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(c) report to the President of the United States and to the United States
(d) undertake studies or investigations, evaluate proposals, or develop
(e) establish and oversee the work of a professional staff of the committee,
A purpose of the patent and trademark laws is to benefit the American public by providing useful commercial rights to the business community, and as to patents, to the innovative business sector. The users of the PTO services who now completely fund the PTO operation merit an effective voice in defining PTO goals, priorities, and administrative practices and procedures. The advisory committee would have no authority over PTO operations save the authority to offer advice. However, the users of PTO services are in a better position than both Congress and the PTO to evaluate whether the manner in which those services are provided meet their needs. Providing a formal mechanism for the private sector to advise Congress and the PTO on how the patent and trademark laws are being administered can only provide useful information to those who have the affirmative responsibility to ensure the PTO is operating with optimal efficiency and effectiveness. Currently, such advice, particularly regarding fiscal matters, is not available. A critical factor to the proper operation of the advisory committee is the authority to retain competent staff support sufficient to allow the committee discharge its responsibilities and particularly to respond to specific requests by Congress for information.
Resolution Three: BORROWING AUTHORITY
RESOLVED, that, in the event the funding of capital and other extraordinary
(a) to purchase assets and hold such assets for the exclusive benefit of the
The Board of Directors of the American Intellectual Property Law Association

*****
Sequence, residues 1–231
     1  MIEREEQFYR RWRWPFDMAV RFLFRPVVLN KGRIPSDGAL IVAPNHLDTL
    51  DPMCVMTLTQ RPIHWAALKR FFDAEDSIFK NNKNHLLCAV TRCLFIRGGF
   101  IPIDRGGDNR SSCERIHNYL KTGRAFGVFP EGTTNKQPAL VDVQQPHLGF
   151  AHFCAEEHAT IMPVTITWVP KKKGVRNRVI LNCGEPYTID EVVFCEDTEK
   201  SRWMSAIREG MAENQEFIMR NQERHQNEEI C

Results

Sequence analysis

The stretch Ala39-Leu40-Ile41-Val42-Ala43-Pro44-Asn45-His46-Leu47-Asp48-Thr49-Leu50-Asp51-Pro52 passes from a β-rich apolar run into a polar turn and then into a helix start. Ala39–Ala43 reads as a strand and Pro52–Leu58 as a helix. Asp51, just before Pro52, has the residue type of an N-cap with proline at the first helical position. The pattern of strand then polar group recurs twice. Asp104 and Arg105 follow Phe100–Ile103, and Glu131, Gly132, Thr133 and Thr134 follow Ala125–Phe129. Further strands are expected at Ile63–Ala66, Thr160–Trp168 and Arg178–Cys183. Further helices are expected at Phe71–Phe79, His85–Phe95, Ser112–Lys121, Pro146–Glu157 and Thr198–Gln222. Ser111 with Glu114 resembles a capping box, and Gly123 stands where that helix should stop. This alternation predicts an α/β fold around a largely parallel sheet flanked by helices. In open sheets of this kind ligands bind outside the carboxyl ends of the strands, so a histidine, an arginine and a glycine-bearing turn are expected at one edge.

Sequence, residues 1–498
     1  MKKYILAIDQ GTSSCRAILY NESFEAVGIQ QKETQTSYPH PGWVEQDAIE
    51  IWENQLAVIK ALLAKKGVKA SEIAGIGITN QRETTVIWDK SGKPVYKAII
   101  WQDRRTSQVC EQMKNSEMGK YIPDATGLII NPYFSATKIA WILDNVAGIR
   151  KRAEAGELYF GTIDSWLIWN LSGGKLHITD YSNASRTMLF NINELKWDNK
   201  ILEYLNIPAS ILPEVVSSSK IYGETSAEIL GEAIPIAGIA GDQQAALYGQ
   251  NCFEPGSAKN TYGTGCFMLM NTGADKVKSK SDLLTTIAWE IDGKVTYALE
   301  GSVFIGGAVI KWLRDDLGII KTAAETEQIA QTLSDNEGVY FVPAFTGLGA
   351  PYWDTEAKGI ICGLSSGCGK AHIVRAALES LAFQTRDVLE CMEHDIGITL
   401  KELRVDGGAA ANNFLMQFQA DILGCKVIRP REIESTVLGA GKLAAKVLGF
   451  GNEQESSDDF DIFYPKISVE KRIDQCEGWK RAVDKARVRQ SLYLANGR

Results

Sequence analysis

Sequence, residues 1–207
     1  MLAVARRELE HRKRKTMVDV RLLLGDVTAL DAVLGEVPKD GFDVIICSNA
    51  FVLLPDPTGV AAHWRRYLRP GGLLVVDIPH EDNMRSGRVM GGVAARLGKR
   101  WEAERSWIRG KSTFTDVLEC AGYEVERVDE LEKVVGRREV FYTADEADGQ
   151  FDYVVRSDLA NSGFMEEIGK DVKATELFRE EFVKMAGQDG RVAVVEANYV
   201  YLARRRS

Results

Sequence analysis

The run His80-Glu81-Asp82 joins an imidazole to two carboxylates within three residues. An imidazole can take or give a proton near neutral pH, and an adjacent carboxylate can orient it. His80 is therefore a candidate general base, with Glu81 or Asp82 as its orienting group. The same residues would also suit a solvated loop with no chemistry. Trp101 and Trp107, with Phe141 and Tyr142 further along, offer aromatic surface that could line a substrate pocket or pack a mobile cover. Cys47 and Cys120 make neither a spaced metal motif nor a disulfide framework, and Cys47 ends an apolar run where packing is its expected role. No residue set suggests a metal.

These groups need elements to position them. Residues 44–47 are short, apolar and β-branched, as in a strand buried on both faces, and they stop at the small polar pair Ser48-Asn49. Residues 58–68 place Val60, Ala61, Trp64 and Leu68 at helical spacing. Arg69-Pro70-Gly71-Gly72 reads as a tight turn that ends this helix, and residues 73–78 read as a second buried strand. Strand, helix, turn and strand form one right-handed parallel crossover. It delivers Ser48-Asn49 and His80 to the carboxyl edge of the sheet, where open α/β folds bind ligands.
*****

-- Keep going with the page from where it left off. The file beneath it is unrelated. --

I. Fred Koenigsberg
Richard C. Witte
The Special Committee on the PTO as a Government Corporation
Robert A. Armitage, Chair
Joseph A. DeGrandi,
James H. Laughlin, Jr.
Hoge T. Sutherland
Rene D. Tegtmeyer
Historical Recognition of Quality Issues
Improving the administration of the patent law has been a subject of discussion and controversy for nearly 200 years. The fundamentals of the current law as well as the Patent Office have been in place since the Patent Act of 1836. During the 156 years since then, the number of Patent Office employees has increased to meet application filing levels. Periodically there have been internal structural changes, such as establishing a board of appeals, and operating improvements, such as adopting a classification system for issued patents. But even significant changes such as these have been few, and those have been slow in coming.
The basic problems of the PTO, which exist today, have been identified and studied over such a long period of years that they have reached an almost legendary status. Recommendations for reform have been made, and largely ignored. To demonstrate the persistence of inertia, one begins with the Report of the President's Commission on Economy and Efficiency: "Investigation of the United States Patent Office", transmitted to Congress by President Taft on December 9, 1912. This "Taft Commission" report was requested by the enactment of a Joint Resolution of Congress, which asked the President to determine just what was needed "to enable the Patent Office to discharge its duties in a thoroughly efficient and economical manner."
The "Taft Commission" recommended that the Patent Office be made into an independent government agency:
In 1849 came the creation of the Department of the Interior and under it was
The commission pointed out that the problem of subordination had nothing to do with interference with the substantive work of the Patent Office:
RESOLUTIONS OF THE ASSOCIATION
SUMMARY OF RECOMMENDATIONS
Government Corporation Status for the PTO
HISTORICAL RECOGNITION OF QUALITY ISSUES
The "Submersion" of the PTO in the Department
THE USERS' PERSPECTIVE ON CURRENT QUALITY ISSUES